This past Sunday over a million demonstrators took to Paris streets to remember those killed in an attack on French satirical publication Charlie Hebdo. World leaders like French President Francois Hollande, German Chancellor Angela Merkel, and Israeli Prime Minister Benjamin Netanyahu linked arms at the front of a procession on the city's streets, and the world watched on television. It was the biggest demonstration in the history of France.

GlobalPost co-founder Charles Sennott said the protests showed solidarity at a time when it was sorely needed.

"Something at the core of what we believe in is under attack."

Sennott said Charlie Hebdo has been a lightning rod for controversy, but that these demonstrations weren't about the content — they were about the freedom to publish that content.

"I don't like Charlie Hebdo. I don't like cartoons that insult somebody else's religion. And I don't think you could look at these cartoons any other way — on the Catholic Church, on Islam, on everything. They're vulgar, for sure. But I think we all would say we still love our right to look at them. We love that they are there, right there out in the world."

Sennott added: "Journalism — the stuff we do — is under direct attack."

Journalists are often dispatched to areas of conflict and extreme violence, and the recent beheadings of reporters by the Islamic State reinforce the dangers they face. Sennott said what happened in Paris overshadowed an equally horrific act in Nigeria earlier in the year.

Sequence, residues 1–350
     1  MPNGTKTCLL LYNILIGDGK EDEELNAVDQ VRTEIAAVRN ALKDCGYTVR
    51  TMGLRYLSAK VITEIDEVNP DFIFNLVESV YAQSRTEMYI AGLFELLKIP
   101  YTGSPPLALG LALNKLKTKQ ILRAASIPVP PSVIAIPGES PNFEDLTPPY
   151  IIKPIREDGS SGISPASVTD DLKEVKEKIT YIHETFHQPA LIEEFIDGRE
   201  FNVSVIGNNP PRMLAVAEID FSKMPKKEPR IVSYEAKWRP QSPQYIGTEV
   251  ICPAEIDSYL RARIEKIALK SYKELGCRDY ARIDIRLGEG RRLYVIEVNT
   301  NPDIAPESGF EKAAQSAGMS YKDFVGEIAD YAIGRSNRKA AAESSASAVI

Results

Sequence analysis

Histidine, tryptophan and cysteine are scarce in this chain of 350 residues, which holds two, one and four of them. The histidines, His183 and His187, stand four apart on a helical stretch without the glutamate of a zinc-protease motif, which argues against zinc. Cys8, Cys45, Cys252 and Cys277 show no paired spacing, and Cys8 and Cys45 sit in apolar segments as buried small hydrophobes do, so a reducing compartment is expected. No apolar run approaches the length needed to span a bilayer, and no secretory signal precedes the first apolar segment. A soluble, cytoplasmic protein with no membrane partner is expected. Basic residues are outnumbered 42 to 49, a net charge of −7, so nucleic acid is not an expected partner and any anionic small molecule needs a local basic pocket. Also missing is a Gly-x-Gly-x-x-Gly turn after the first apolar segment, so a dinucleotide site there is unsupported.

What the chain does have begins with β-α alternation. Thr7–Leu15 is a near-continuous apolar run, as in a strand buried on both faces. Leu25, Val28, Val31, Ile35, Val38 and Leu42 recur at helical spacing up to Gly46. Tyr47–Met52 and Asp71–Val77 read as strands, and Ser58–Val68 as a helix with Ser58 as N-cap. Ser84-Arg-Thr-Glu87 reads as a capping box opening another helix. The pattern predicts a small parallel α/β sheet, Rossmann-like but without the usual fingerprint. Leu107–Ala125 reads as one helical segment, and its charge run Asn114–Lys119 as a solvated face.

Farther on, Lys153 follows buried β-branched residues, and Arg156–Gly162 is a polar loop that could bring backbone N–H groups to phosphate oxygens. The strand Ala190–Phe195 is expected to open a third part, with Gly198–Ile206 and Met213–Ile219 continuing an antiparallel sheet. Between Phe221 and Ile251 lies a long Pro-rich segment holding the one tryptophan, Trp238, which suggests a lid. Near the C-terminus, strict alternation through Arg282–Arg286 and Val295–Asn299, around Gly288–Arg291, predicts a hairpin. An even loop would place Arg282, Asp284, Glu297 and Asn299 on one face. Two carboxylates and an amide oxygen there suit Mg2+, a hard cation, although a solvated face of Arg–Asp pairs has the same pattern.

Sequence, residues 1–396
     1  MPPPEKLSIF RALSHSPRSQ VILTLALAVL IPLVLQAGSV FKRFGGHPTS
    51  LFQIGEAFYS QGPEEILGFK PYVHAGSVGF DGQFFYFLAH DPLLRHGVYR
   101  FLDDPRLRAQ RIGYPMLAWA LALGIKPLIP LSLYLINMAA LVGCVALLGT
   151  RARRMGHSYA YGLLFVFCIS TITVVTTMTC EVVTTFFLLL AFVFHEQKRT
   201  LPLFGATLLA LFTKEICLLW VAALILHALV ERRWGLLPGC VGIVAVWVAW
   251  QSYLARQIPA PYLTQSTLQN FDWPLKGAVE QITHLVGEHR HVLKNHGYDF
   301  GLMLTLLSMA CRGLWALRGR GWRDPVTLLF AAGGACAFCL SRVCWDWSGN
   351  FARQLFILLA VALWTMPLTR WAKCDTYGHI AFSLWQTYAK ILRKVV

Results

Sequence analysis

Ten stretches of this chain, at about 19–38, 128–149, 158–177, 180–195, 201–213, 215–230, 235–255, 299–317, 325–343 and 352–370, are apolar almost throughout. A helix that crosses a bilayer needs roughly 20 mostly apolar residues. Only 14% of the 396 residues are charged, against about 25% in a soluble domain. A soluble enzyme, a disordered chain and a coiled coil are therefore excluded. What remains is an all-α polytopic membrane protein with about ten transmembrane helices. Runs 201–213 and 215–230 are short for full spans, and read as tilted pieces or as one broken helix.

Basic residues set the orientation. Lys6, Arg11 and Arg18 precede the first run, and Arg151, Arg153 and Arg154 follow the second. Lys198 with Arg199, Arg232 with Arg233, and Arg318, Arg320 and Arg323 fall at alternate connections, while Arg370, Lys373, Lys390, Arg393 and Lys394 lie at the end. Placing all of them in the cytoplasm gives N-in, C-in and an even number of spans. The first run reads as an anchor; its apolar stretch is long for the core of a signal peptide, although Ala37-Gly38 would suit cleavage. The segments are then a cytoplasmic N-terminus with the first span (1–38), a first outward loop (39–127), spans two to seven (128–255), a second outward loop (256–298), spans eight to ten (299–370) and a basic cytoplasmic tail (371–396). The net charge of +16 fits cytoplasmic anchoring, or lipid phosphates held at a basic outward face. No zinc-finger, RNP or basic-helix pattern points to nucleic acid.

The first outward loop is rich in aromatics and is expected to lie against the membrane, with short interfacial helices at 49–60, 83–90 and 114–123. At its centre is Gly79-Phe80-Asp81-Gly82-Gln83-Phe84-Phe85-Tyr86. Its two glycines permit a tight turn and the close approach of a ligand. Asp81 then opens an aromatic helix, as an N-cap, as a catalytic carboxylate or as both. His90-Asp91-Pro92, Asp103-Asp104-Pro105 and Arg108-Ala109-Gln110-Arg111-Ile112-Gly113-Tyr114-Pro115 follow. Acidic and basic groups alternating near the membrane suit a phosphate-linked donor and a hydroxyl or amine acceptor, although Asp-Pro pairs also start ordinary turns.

On January 3rd, Boko Haram "went on a rampage in Nigeria, and they killed 2,000 people by many reports. This is Boko Haram unleashed," Sennott said. "Why is it we're not hearing about that? It is incredibly dangerous to cover Boko Haram. We have no journalists there because you're risking your life the second you go into that area of Nigeria. You're going to get kidnapped. You're probably going to get killed."

Sennott said between the attacks in Paris, and the slaughter in Nigeria, a new, concerted effort against the press was emerging.

'Where was President Obama? I mean, I know it was a big weekend for NFL viewing. That is American exceptionalism at work.'

"These Islamic militant groups are, I think, opening a new front very consciously, and that's what I think Paris drives home," Sennott said. "They're not just about striking fear among civilians, among innocent people on the streets. They're now going directly at what we consider our freedom of expression, and our right to inform through journalism. That's a new attack, and we've got to wake up."

Sennott said the twelve Charlie Hebdo journalists were martyrs for a cause that was also being fought in places like Saudi Arabia, China, Russia and Egypt.

"We are going to have to fight like hell for freedom of expression and for journalism."

Sennott was asked whether he thought President Obama, Vice President Biden or Secretary of State John Kerry should have attended Sunday's rally. He thought so.

"Where was President Obama? I mean, I know it was a big weekend for NFL viewing," Sennott said. "That is American exceptionalism at work. Somehow we think that because we face more security risks than others, we don't go."

>> To hear the entire interview with Charles Sennott, click the audio above. Charles Sennott is the cofounder of GlobalPost The GroundTruth Project, and regular Open Mic guest Mondays on Boston Public Radio with Jim Braude and Margery Eagan.